One insurer held 70% or more of the health plan market share in 24 of 43 states measured, up from 18 in 42 states in the previous year’s study. In 92% of the 313 markets in the report, one insurer held at least a 30% share.
In past releases of its survey, the AMA has noted that insurer market dominance has allowed health plans to force physicians into take-it-or-leave-it contracts. But this year the AMA — echoing other experts — noted that market dominance has allowed plans to give patients take-it-or-leave-it pricing.
A front-line perspective on 2010 commercial price & product trends
Transcript of conference call with Willis
March 3, 2010
Matt Borsch, Goldman Sachs: Let me jump right in here with, perhaps, the most important question from the standpoint of institutional investors looking at the sector, and that is, what are you seeing in terms of competition between the carriers, specifically relative to last year or two years ago or whatever you want to use as the baseline, has price competition increased or decreased?
Steve Lewis, regional leader for the employee benefits practice of Willis, the third largest insurance broker in the world: As a specific answer to that, we would say, price competition is down from year ago. An overall theme that we would characterize this year, meaning, when I say this year, the just completed January 1 renewals, and continuing up and through today. We feel this is the most challenging environment for us and our clients in my 20 years in the business.
Not only is price competition down from year ago (when we had characterized last year’s price competition as being down from the prior year), but trend or (healthcare) inflation is also up and appears to be rising. The incumbent carriers seem more willing than ever to walk away from existing business resulting in some carrier changes.
And that’s a significant adjustment from last year where we saw aggressive pricing on the renewal front but not so much on the new business front.
So 99 percent of metropolitan areas have “highly concentrated” private insurance markets, and price competition of private insurers continues to decrease as private insurers are “more willing than ever to walk away from existing business.” Competitive pricing has almost disappeared from the private insurance market, so insurance has become a “take it or leave it” proposition.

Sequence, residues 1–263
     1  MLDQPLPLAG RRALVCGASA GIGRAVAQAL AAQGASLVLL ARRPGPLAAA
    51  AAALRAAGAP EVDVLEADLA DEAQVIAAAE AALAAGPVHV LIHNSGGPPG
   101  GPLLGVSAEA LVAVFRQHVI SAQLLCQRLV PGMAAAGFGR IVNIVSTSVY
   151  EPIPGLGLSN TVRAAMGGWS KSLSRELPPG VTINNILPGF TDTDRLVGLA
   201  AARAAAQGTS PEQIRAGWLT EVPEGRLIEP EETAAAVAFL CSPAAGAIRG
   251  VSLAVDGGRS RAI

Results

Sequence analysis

And precisely what does the legislation before Congress do to ensure a competitive market of private insurance plans? Look at the Senate bill which forms the basis of the Obama proposal. When you read “Part II – Consumer Choices and Insurance Competition through Health Benefit Exchanges,” you will see that this legislation does virtually nothing to expand insurer competition in these concentrated markets.
President Obama and the members of Congress need to give up on the idea that they can legislate a thriving, competitive market of private health plans that will bring affordable health care to all of us. The changes that would be required are not in this bill, and, besides, they would be more complex, more expensive, and less effective than merely replacing the private insurers with a single payer national health program – an improved Medicare for all.
Once again today, in a pep talk at Arcadia University near Philadelphia, President Obama said that they put all ideas on the table, but they didn’t. They left single payer off. He did mention that people on the left wanted single payer, and judging by the cheers, apparently the audience wants single payer as well. Too bad he doesn’t listen.
The “public option”and the wheelbarrow parable
(Part 1 of 3)
By Kip Sullivan, JD
On July 8, 2008, Health Care for America (HCAN) announced its existence. The press release HCAN published that day described HCAN’s “vision” for health care reform in these words:
Health Care for America Now offers a bold new vision for health care reform: Americans can keep the private insurance they have, join a new private insurance plan, or choose a public health insurance plan.